IOP March Moab Expedition

iop skyOn March 26-28, 2014 nine Jaywalker MIOP clients, 1-Alumni and 1-staff traveled to Moab, UT for 3-days of fellowship, golf, hiking, bowling, and skydiving. This was an opportunity to get away from the routine of work and treatment in the Roaring Fork Valley and to play together in one of the most beautiful places in the western United States. Wednesday afternoon was shopping, fellowship and a wonderful steak dinner prepared mostly by Richard S. Who knew he could cook and grill with such aplomb. After dinner it was off to the local bowling alley for some serious competition. Thursday dawned windy and cool and everyone was up and planning the day. Tee times were made for six of us and five of us headed off to the Canyonlands National Park for some hiking. We all came back together at the Condos in late afternoon and headed into town for a pizza dinner at Zaks. After dinner more bowling was on the agenda. Friday morning dawned bluebird clear and cool. We arrived at the Moab airport at 8:00 am and began the process of signing 9- pages of waivers prior to some instruction on how to jump out of a perfectly good airplane attached to an instructor. And then, two at a time, we started to jump. The ride up to jump altitude takes about 20 minutes and we are flying over an incredible landscape including the town of Moab. At approximately 15,000 feet, the door opens and the rush of cold air brings one to complete attention. If you haven’t jumped before, there is no frame of reference for what you are about to do. Quickly we move into place with feet hanging out the door. Then, a back flip, and you’re watching the plane fly away. Within seconds, you are traveling at 120 mph and for a half-minute or so the rush is loud and incredible. At 5000 feet the parachute is deployed and suddenly with a slight jolt, you are now floating in near silence with just the sound of your own voice saying over and over “holy s..t”. Nine men made their first jump that Friday morning and it provided them with a significant metaphor for trust and the importance relying on others for physical safety and moral support when needed. All returned to the Valley a bit closer for having shared this experience.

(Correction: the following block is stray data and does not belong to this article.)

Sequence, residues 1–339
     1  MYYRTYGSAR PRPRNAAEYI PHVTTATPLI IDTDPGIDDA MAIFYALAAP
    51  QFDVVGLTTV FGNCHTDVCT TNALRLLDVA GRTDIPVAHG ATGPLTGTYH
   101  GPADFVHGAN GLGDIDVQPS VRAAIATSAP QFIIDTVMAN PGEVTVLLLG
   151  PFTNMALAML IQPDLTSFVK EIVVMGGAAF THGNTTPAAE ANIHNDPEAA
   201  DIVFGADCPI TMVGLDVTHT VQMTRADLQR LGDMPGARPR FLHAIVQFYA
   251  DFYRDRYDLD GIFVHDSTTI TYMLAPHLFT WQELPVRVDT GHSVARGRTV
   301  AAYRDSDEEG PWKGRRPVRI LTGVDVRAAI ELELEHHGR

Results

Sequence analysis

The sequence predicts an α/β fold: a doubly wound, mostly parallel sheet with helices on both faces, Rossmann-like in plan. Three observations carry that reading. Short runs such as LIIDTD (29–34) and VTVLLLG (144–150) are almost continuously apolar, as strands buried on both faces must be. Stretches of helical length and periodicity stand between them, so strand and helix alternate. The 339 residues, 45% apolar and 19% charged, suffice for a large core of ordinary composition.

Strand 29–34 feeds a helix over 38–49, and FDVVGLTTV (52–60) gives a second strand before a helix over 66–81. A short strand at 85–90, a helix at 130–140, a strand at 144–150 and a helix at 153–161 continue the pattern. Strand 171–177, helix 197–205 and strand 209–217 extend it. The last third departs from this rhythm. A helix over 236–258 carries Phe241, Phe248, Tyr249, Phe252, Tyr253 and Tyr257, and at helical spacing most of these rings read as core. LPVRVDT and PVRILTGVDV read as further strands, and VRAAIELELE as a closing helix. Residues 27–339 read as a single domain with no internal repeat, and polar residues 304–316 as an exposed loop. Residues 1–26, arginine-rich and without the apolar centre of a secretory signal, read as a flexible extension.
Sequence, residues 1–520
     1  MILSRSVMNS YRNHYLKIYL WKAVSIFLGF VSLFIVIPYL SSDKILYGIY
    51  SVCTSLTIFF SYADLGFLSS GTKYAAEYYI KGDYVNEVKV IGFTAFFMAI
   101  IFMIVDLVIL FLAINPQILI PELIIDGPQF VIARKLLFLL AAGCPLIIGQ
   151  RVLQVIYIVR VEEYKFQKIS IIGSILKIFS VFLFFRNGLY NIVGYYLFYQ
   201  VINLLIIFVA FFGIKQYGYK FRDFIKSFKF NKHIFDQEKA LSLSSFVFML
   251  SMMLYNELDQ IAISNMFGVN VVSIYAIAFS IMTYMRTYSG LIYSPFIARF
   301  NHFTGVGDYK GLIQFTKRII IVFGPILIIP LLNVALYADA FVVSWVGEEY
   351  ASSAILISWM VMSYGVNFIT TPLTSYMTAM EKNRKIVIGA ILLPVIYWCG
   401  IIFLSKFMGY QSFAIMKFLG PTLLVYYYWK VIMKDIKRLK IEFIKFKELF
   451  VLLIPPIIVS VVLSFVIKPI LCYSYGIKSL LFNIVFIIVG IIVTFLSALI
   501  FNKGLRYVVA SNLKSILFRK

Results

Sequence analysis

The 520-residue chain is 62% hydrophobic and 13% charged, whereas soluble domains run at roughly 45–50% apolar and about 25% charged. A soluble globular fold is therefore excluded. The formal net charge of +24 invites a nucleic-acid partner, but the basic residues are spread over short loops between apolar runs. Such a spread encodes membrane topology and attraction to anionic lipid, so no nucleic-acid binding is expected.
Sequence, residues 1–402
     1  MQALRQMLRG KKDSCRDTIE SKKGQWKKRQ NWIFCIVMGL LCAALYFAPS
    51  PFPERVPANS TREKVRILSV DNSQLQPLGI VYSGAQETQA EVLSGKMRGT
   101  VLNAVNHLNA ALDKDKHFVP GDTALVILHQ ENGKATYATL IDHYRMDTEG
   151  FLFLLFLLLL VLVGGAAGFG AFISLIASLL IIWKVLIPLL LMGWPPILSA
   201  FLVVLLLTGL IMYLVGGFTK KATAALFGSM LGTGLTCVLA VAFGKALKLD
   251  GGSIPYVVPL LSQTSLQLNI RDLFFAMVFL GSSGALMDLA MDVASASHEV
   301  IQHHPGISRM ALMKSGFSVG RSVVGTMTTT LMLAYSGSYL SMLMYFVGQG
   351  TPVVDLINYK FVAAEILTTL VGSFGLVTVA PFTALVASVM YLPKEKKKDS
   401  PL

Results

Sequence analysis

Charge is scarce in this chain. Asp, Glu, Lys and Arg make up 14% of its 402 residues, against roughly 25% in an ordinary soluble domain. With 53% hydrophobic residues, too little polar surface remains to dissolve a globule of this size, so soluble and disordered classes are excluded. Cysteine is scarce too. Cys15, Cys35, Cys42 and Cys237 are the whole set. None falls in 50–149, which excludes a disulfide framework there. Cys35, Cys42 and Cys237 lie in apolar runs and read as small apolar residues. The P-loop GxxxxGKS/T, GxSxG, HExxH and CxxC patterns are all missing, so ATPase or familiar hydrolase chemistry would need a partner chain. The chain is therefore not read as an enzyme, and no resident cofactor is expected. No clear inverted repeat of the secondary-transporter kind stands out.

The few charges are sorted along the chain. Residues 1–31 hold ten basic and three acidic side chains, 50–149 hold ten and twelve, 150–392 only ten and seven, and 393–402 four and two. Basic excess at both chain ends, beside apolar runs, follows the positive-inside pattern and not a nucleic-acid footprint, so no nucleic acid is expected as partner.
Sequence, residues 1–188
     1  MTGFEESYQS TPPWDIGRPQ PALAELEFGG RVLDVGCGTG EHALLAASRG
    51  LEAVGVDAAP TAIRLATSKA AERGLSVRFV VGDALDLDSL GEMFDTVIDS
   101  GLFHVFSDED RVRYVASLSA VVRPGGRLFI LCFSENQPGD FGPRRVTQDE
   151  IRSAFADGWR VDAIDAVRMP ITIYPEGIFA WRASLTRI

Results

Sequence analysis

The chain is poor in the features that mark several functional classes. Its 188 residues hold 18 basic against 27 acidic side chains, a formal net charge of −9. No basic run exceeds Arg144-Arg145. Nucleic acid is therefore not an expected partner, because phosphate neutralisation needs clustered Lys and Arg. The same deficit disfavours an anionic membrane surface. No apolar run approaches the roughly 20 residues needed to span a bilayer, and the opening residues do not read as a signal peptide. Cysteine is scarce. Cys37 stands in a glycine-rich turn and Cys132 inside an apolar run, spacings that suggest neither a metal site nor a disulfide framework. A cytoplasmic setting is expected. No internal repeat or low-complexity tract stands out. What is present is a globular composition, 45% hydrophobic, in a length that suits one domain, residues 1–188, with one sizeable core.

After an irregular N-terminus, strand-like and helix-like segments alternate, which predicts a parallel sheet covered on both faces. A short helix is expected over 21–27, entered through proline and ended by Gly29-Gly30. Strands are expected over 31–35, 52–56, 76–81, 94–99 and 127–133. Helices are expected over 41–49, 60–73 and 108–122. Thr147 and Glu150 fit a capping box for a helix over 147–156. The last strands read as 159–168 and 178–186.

With gratitude,

Lenny Beaulieu, M.Ed., CAC III

Director, Outpatient Services

Jaywalker Lodge

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